Trip Tips: In search of lost time in high-speed Tokyo
By Elaine Lies
TOKYO (Reuters) - Tokyo is a place of pulsing clubs, steep-roofed temples, narrow lanes packed with smoky restaurants where meat sizzles on grills and karaoke pubs whose yowled anthems spill into the streets.
Tradition can be hard to find amid the lanes and towers of the metropolis of 13 million, the headquarters of corporations such as Sony and host of the 2020 Summer Olympics, mainly due to its reputation as a spick-and-span place that gets things done.
But a little time, and a willingness to wander, lead to backstreets where blocks of tofu bob in vats of water, tatami mat-makers ply their trade and customers line up in front of ramen shops eager to slurp noodles from steaming bowls.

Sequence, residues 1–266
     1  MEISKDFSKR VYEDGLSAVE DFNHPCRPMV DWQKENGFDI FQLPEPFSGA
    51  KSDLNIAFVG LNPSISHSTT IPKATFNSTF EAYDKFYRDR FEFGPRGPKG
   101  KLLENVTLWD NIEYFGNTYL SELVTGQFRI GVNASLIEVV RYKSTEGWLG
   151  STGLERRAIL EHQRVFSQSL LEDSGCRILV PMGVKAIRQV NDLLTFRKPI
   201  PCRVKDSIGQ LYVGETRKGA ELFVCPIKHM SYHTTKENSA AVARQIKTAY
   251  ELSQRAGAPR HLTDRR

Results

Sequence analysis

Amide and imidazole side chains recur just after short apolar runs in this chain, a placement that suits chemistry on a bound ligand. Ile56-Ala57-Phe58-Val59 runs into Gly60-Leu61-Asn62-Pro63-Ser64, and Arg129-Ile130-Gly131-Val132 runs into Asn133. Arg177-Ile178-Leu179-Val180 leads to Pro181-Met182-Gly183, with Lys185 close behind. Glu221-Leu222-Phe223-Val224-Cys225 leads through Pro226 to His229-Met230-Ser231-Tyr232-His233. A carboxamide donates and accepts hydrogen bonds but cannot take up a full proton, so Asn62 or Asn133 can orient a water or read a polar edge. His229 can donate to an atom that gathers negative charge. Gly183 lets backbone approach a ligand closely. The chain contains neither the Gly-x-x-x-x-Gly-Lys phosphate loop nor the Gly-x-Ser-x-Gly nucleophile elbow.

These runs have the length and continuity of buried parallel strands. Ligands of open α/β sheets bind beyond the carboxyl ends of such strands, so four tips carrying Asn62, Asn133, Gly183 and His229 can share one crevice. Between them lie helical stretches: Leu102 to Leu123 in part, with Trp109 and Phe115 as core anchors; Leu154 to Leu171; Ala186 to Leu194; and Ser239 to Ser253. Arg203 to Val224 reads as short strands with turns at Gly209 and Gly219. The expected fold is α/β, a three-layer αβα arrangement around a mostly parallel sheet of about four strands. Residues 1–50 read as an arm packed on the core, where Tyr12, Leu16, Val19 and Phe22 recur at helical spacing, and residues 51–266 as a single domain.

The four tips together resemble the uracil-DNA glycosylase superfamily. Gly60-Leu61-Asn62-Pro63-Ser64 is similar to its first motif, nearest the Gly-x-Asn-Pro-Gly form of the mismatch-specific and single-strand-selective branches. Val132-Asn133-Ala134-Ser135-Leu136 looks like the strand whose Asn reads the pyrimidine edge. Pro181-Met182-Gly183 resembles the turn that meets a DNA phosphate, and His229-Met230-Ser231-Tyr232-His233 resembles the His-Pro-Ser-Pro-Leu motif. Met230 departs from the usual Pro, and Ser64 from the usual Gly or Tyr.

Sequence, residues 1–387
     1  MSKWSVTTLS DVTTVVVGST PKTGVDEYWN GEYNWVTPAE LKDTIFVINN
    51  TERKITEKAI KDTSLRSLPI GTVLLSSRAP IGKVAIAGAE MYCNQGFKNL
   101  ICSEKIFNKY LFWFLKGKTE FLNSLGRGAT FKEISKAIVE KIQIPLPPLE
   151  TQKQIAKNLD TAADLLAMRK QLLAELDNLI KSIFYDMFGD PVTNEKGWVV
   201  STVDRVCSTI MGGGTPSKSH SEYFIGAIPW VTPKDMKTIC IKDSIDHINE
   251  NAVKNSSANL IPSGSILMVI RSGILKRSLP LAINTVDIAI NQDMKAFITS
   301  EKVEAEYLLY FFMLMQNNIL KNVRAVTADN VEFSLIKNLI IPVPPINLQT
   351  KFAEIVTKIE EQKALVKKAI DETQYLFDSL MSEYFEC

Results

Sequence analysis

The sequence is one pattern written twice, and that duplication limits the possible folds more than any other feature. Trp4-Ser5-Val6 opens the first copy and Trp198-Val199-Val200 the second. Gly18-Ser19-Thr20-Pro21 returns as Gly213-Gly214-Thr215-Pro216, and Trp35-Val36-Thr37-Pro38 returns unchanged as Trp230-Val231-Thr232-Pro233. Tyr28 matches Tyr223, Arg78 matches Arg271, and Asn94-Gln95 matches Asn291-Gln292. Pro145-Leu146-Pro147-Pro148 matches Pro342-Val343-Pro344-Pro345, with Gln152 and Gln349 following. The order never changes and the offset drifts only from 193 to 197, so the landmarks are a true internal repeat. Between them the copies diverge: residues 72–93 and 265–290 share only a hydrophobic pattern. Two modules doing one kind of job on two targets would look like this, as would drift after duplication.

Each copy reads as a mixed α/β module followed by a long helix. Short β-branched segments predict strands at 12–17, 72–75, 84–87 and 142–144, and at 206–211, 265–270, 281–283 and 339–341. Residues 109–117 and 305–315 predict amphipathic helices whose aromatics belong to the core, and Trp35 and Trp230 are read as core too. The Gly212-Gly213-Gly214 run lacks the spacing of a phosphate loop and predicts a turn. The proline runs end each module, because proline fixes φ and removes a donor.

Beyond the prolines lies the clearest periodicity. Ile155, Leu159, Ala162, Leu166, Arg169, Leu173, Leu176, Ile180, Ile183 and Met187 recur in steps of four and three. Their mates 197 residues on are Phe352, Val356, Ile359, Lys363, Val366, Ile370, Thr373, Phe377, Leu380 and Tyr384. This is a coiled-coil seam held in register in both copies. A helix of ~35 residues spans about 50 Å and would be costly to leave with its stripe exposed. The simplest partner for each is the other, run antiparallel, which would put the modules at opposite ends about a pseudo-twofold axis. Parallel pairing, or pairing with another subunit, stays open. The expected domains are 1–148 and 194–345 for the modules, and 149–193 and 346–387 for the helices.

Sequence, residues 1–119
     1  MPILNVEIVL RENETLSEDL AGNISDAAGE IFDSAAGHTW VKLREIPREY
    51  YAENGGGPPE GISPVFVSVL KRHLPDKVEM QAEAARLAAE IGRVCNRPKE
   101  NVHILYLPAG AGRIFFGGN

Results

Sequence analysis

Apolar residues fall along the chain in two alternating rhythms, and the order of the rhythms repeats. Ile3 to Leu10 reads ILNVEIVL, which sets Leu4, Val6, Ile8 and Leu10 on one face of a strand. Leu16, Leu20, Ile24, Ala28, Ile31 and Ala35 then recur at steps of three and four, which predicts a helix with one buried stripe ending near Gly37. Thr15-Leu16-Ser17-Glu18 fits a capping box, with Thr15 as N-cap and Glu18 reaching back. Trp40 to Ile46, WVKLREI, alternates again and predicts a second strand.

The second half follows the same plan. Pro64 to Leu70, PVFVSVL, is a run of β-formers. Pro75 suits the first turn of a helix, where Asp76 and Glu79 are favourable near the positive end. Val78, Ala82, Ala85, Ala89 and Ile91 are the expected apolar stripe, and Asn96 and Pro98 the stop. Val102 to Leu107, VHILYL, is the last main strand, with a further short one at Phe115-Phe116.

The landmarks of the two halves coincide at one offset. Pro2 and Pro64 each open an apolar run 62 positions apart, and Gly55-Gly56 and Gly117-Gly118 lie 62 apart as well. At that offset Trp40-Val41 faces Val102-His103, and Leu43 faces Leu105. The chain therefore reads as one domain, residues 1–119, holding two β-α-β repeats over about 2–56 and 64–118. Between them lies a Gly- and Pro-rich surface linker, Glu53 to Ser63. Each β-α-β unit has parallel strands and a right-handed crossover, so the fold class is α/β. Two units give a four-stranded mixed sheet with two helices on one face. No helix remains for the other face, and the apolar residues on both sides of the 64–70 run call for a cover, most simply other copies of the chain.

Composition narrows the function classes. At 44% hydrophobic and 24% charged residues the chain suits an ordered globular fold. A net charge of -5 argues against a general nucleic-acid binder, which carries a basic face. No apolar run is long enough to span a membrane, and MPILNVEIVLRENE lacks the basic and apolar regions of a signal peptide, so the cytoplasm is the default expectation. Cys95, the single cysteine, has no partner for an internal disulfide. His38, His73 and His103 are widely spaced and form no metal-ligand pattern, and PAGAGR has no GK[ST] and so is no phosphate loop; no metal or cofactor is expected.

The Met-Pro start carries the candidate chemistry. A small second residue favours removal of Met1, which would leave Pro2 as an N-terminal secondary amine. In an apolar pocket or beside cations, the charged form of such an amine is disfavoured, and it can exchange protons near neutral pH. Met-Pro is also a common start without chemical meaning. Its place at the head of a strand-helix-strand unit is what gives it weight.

Here are tips for getting the most out of a trip to Tokyo from Reuters, whose 2,600 journalists in all parts of the world offer visitors the best local insights.
The Sumida river, a major artery in Edo, as Tokyo was once known, has featured in ukiyo-e woodblock prints, swathed in snow or illuminated by summer fireworks displays. View such prints at the Ota Memorial Museum. (here)
Though the river, surrounded by concrete, is less lovely today, a ferry ride from Hinode Pier up to Asakusa is still fun. The boat glides under numerous bridges past landmarks such as Tsukuda, known for centuries as the home of "tsukudani", a dish of meat, seafood or seaweed simmered in soy sauce and mirin, then dabbed onto steaming white rice. Continued...